The answer I can provide to readers is: lack of regulation. Or, better, lack of a different kind of regulation than the one which is today debated on financial newspapers. Should some regulator define that tokens are securities, as an example, this will not help companies adopt real life solutions. All existing regulations, and the GDPR appears to be a particularly relevant example, are embedding the ‘single point of governance’ concept. This is a broader concept than that of a ‘centralized database’. The regulation in this perspective is technology neutral but it has been developed under a specific paradigm which is not necessarily applicable to decentralized models. As another example, we can think of the regulations concerning transparency and business contracts applied to online platforms, where censorship and privacy risks are undoubtedly an issue. In blockchain platforms, such risks will have a different profile and impact compared to what is the case for centrally owned platforms, and therefore require different sets of regulations.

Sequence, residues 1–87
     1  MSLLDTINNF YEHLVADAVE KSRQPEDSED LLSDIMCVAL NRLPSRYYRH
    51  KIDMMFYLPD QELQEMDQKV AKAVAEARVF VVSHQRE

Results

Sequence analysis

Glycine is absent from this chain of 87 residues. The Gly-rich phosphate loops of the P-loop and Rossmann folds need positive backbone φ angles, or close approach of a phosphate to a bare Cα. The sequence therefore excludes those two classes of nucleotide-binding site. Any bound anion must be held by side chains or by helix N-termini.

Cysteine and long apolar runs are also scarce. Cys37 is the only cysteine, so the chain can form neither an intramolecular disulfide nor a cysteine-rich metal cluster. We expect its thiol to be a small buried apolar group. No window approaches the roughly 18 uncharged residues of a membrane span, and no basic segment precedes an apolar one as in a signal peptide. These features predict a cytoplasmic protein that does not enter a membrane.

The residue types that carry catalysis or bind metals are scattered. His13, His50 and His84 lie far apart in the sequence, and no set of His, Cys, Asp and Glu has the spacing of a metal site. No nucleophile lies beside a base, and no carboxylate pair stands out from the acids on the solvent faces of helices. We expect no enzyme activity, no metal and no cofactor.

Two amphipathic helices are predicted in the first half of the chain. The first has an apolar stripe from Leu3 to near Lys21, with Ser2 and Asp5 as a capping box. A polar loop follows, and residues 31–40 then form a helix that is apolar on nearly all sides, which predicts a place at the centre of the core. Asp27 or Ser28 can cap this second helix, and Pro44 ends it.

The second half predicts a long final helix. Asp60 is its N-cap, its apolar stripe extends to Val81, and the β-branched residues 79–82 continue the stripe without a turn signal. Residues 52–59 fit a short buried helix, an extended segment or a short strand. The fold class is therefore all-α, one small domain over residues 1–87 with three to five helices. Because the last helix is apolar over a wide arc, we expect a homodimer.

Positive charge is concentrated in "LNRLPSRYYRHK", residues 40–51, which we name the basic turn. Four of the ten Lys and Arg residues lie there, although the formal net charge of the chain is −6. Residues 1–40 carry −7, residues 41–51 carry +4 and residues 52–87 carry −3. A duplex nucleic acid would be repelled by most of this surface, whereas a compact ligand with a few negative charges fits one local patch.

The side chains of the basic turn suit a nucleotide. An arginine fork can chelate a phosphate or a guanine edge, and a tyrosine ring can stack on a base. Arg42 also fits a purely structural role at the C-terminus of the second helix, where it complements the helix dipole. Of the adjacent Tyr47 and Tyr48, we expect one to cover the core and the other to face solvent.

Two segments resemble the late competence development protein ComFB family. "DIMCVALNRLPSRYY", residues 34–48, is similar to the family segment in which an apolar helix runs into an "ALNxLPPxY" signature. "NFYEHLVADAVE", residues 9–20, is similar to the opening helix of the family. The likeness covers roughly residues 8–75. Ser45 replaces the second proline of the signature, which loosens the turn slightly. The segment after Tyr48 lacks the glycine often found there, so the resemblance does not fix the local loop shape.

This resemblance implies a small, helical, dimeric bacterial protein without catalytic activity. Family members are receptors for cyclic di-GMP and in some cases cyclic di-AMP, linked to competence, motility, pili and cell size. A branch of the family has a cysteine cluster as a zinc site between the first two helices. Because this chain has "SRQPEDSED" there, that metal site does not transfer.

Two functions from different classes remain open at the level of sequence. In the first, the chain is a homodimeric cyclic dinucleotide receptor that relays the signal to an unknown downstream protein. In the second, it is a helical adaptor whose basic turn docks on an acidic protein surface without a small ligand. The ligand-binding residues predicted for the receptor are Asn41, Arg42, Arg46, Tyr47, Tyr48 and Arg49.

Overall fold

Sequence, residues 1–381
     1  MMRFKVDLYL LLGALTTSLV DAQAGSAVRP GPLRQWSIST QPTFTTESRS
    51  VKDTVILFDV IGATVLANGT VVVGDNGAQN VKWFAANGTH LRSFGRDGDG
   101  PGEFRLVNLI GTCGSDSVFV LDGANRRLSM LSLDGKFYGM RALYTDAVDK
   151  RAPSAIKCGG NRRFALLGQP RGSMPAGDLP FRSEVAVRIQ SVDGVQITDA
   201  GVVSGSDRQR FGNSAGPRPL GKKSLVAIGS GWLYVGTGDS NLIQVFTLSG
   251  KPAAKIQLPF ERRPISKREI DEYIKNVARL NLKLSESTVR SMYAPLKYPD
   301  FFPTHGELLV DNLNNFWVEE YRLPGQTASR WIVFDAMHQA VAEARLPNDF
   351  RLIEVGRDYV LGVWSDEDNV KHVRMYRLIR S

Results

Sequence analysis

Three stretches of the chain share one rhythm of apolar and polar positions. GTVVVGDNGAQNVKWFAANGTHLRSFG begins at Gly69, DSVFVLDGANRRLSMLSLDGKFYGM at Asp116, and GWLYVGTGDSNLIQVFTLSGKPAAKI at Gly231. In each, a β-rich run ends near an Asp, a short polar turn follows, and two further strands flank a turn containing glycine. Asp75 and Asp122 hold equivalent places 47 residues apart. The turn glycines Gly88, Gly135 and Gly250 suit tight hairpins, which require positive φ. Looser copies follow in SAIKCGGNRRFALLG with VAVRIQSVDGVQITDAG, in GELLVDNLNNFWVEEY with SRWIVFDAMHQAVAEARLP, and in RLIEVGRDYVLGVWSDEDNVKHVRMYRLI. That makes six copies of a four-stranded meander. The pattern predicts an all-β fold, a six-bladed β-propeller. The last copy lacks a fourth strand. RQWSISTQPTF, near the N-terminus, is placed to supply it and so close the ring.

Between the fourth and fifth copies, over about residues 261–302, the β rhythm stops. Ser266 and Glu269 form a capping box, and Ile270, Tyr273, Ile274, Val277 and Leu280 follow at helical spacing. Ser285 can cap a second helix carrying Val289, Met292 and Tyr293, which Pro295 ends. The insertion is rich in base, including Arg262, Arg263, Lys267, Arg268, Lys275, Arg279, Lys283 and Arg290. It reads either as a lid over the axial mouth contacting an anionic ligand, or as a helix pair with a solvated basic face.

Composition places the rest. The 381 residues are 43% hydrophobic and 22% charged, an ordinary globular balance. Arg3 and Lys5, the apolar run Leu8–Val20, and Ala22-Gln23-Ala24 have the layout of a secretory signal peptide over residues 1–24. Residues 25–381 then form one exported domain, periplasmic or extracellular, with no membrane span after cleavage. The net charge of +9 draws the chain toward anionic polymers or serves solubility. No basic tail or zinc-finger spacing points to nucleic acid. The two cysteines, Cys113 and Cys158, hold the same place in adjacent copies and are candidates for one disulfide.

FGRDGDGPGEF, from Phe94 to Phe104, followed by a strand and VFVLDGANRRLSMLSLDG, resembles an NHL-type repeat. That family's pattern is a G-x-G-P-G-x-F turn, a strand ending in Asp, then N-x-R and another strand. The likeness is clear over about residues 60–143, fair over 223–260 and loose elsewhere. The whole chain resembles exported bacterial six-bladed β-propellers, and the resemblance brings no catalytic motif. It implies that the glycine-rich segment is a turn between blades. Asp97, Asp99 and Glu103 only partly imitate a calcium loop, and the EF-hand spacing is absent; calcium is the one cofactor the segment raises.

Things are certainly not easier when taking the view of infrastructure development and deployment. An enterprise seeking to embrace the role of a validating node in a public Blockchain, or choosing to make use of tokens to executing transactions on it, maybe as a part of a broader solution, will need days and weeks of complex discussions with lawyers in multiple fields, showing their best poker faces.

Several governments are undertaking initiatives to regulate the so called crypto world. Most of them, however, are addressing the need to regulate tokens as a new kind of asset class and to contrast illegal activities such as money laundering. This will be an incomplete solution to a broader problem, which may even fuel further disillusion. Many projects benefitting from capital raised by a perfectly working regulation in that field, will still struggle in executing initiatives, in the absence of principles and frames supporting sustainable operations and ensuring proper business continuity. A sandbox approach, in this perspective, may mitigate the obvious and expected early stage instability.